2.5 hours but with four times higher irradiance of UV light and at initial concentration of 25mg/L of AO7.

    Fig. 3. Effect of photo – catalyst (TiO2) on degradation of AO7 under UV light

    It confirms the observations as obtained in our study. Lower rate of AO7 degradation at higher dose (2.0g/L) of TiO2 could be because of reduced penetration of UV light owing to higher amount of suspended TiO2 in the solution. Comparatively lower degradation efficiency at 0.5g/L dose of TiO2 may be attributed to lower dose of photo-catalyst resulting in less production of .OH radicals responsible for AO7 degradation.

    Fig. 4. Effect of different concentration of photo – catalyst on degradation of AO7

    Another experiment was undertaken to determine the time required for complete photo-degradation of AO7 at a dose of

    1.0 g/L of photo-catalyst. As observed in Fig. 5, complete degradation of AO7 was observed in 127 hours under the reaction conditions.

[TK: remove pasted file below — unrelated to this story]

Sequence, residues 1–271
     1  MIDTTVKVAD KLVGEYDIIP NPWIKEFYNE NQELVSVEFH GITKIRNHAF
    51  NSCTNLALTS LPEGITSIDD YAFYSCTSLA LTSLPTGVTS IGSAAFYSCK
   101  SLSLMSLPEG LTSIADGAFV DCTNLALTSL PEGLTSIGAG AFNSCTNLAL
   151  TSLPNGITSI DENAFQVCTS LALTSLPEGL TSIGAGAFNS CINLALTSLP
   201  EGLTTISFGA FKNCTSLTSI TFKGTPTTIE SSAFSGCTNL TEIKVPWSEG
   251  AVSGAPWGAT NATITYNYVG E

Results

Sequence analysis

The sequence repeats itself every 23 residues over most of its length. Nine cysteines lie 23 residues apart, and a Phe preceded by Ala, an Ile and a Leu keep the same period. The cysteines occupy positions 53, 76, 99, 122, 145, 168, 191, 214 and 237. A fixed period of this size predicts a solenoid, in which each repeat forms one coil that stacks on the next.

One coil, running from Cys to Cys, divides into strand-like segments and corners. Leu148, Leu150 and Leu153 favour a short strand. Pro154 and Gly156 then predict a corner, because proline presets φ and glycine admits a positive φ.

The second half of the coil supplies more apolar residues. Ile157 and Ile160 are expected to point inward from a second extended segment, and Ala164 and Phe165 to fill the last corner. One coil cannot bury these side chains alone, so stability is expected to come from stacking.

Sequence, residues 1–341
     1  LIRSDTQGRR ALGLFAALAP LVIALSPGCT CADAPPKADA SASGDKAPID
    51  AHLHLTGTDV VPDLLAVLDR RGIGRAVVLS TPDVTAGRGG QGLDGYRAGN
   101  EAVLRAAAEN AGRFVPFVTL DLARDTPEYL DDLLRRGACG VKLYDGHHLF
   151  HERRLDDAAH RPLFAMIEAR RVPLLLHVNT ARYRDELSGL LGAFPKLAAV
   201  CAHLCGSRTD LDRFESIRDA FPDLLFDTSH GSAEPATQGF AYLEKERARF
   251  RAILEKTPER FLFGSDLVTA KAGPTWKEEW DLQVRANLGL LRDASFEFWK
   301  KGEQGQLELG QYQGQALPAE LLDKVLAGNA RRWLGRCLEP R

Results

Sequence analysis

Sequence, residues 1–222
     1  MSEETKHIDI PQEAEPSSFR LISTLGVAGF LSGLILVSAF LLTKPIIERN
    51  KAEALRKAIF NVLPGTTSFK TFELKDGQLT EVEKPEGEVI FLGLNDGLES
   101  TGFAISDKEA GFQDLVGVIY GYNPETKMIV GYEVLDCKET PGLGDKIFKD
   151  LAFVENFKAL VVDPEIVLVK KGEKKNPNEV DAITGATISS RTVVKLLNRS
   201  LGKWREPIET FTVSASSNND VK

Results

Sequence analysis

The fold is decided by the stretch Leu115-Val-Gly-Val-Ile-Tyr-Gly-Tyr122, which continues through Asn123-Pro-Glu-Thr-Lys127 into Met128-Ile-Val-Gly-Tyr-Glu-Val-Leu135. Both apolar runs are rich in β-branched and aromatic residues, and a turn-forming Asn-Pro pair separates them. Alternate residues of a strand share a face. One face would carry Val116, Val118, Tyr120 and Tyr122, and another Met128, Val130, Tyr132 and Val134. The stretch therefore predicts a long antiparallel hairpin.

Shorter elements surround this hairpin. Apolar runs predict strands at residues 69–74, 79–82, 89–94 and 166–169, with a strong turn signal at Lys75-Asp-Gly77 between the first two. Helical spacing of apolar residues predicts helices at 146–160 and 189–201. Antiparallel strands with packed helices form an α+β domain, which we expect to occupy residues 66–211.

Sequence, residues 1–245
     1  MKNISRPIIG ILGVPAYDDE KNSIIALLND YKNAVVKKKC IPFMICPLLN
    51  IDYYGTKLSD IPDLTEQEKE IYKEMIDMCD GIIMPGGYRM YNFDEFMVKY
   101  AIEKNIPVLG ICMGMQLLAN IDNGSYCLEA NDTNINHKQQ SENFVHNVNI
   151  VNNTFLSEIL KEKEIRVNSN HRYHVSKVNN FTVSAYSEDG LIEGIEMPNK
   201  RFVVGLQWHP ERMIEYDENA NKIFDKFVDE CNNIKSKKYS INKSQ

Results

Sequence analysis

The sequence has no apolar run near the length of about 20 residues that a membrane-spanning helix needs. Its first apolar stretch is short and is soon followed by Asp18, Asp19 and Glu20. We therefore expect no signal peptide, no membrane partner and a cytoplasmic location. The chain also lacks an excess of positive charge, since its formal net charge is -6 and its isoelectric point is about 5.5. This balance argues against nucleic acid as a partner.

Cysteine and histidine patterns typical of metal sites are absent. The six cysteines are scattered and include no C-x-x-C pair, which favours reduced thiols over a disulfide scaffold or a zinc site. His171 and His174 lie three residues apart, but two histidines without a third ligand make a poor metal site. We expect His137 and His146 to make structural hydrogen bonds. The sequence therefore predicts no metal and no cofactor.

Fig. 5. Complete degradation of AO7 by photo-catalyst TiO2@1.0g/L.


    Based on the experimental results, it is observed that AO7 is persistent in nature and is not degraded under natural conditions. A small fraction of AO7 is photo chemically broken down to simpler intermediate resulting in some decolourisation but the reaction is reversible and stable AO7 is formed again in dark conditions during the night. The degradation of AO7 can be facilitated using a photo-catalyst like TiO2 which results in significant improvement in the rate of degradation of AO7. Since TiO2 is suspended in the solution its recovery after complete degradation of AO7 is imperative, which accounts to ~ 60%.